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Yes, yes, I DO know that cooked bones are dangerous for dogs, and of all cooked bones, poultry bones are the worst. But I also believe that very few things in life are black and white, and that there are often ways around things.

Dogs have evolved to digest bones. Now, it’s true that these bones were nearly always raw, and sometimes the dogs broke teeth on them, or got them stuck inside themselves and had serious problems with that, but the fact is that they have stomach acid strong enough to dissolve bone, and teeth and jaws serious enough to crack them.

These days we are all too well aware of the dangers of feeding bones, from the raw weight-bearing knuckle bones which can shatter teeth and cost you a fortune in doggy dentistry to the fragile and shard-forming cooked chicken bones which can become impacted and perforate bowels causing a nasty, lingering death. But it’s not all bad, because bones contain a huge amount of calcium – an essential mineral for the healthy working of any mammal body.

Many dogs fed on home-cooked diets are deficient because their daily calcium requirements are really quite high: 119mg/kg. That means Jeffie needs 3,300mg and Sid needs 3.800mg each day. Calcium is a very important mineral – you’ll know that bones and teeth rely on it for strength, and the nervous system, and even the heart beat are also regulated by it – but it needs to be consumed in the correct proportion to phosporus and Vitamin D, and if it isn’t, Bad Things happen: for instance, a diet too high in phosphorus (the most likely fault) will cause calcium to leach from the bones to correct the imbalance. Any commercial dog food will be balanced for this, but if you cook up a pan of cheap minced meat to add interest to their dinner you’ll be throwing this all out of whack. Use your pan of cheap mince and mix in pasta or rice and a few veg and call it their diet, and long term, you’re asking for trouble. Feed them only what you eat, and … well. They WILL suffer for it, unless your diet is unlike that of the average human being on this planet and resembles an Atkins Diet on acid.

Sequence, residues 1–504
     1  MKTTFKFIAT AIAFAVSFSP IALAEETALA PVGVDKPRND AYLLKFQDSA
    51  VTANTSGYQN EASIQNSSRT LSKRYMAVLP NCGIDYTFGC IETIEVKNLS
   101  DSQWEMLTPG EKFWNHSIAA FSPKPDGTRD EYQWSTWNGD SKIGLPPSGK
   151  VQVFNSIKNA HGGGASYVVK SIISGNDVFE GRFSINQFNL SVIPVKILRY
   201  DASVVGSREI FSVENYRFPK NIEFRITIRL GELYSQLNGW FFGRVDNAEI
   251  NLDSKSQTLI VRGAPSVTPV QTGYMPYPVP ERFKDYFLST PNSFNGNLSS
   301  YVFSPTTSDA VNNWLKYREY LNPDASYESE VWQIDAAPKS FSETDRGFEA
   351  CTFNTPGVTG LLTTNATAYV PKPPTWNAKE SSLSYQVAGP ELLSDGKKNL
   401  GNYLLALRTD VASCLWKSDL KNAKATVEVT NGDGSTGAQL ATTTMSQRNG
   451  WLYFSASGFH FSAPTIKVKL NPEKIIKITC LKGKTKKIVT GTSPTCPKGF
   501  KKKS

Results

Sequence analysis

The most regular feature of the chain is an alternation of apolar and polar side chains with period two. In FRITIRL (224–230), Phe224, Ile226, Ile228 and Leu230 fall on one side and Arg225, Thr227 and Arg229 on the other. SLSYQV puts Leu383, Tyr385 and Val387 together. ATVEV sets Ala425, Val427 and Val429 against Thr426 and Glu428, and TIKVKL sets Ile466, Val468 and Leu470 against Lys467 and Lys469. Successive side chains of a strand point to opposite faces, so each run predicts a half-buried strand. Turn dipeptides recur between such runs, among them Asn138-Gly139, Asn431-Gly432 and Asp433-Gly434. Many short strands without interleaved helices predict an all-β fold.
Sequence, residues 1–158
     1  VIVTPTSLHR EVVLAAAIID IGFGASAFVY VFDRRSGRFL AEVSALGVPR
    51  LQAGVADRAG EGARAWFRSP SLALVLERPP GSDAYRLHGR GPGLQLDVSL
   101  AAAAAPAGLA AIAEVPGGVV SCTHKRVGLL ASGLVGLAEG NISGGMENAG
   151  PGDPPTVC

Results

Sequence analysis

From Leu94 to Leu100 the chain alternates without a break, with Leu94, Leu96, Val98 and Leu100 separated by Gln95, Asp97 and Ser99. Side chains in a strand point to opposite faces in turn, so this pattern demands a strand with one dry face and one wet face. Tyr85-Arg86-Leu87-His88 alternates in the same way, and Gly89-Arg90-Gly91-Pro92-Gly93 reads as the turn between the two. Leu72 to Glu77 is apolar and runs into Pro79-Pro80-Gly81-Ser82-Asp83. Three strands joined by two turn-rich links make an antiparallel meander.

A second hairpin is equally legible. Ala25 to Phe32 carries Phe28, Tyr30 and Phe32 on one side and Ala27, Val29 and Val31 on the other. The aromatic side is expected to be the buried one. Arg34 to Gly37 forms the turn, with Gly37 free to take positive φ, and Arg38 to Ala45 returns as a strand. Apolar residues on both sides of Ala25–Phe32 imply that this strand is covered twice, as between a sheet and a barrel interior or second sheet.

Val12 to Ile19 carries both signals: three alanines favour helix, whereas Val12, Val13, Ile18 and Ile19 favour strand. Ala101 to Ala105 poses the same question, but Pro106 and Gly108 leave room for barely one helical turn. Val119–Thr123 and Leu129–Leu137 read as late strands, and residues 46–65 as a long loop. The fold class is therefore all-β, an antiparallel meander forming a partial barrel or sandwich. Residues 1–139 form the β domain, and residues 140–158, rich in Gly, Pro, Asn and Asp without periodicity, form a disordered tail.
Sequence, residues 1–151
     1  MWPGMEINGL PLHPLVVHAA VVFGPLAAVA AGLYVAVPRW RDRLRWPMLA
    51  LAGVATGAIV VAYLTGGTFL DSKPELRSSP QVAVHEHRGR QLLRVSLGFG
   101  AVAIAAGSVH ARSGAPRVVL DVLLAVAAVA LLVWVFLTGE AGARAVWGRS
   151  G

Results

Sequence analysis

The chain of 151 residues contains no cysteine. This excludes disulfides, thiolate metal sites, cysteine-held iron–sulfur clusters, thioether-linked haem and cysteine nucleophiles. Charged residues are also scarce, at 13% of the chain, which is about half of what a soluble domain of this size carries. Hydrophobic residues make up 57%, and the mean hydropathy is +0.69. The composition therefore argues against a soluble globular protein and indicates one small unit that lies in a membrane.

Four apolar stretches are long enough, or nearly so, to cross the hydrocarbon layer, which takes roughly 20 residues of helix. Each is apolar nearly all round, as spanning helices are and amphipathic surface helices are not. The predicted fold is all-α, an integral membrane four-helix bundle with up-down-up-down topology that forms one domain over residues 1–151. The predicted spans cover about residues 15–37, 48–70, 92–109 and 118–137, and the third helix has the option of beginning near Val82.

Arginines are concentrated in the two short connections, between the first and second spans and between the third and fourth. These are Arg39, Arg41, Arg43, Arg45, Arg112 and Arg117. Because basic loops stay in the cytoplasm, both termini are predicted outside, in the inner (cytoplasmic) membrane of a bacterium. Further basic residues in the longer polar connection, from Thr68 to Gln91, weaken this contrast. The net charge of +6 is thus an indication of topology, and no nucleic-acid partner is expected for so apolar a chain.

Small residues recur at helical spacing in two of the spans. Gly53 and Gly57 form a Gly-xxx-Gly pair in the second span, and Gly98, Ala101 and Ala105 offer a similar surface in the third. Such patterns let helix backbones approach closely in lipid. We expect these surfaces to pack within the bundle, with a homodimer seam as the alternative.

Many, many people therefore feed their dogs a raw food diet which includes bones (even chicken bones, which are fine when raw) and personally, I think it’s a great idea if you have the storage space and the stomach for it and you do it properly. Some people do what I do, and feed cooked bones along with the meaty add-ins. But hold the gasps of horror, ladies and gentlemen. Do not phone the RSPCA just yet, because this is how I do it:

I have a source of chicken carcasses. at about £1 each. I can also buy bags of wing ends, and both the carcasses and the wings are ideal for making dog food. If you add in a few veggies and a little oil, and maybe a vitamin supplement, it makes a pretty reasonable food by itself, but I’m too lazy to do the whole home diet thing, so I just use it to add into the dry ‘kibbled’ dog food which forms their basic diet.

So. I pop the carcases into the pressure cooker, along with a pint or so of water, a slug of olive oil, a couple of carrots and any other left over veg I happen to have. Sometimes I add a few herbs, or some tomato puree. Then I cook it at high pressure for at least one hour*. The picture right up at the top is what it looks like when it comes out. It’s around 50% bone and contains the organ meat, too, because giblets are included.

Next I set up my little mini-production line. I use a slotted spoon to take the chicken out of the pressure cooker and put it into a shallow casserole dish. Then I separate the meat from the bones and put the meat, gristle, soft wobbly bits etc into one dish and the bones into another. Some of the bones (the sternum and the spine) can be squashed into mush with the blade of that rather lovely knife you see sitting there.

Others need to be put into the grinder attachment of my hand-held blender with a couple of tablespoons of stock from the pan and whizzed to a pulp in that.

As you can see, when it comes out, it is a thick, pink liquid Рa bit like liver pat̩ gone wrong. Pour this plus the stock over the shredded meat, mix well and cool it and it actually becomes remarkably similar to tinned dog food when it sets, solid and sliceable.

Then at meal times, I mix a spoonful with some hot water and add it to the kibble. Result? Bliss for dogs with a perfect calcium:phosphorus ratio! I do want to stress that I’m not advocating this as a complete dog food for long term use, just as an ‘add-in’ which is a lot better for your dog’s health than plain lean meat, because over time, lean meat can leach calcium from bones, cause trouble with the nervous system and also stress the kidneys.

Oh, and that white bowl containing a few bones is about what I’m left with, the ones which are too hard or splintery to grind. And from four whole carcasses, that’s not too bad!

 

* For those who have never used a pressure cooker, these wonderful things can cook a casserole in 20 minutes, or a 3 lb pot roast in half an hour. They not only reduce the cooking time, but the meat comes out extremely tender, thoroughly cooked through, and full of flavour.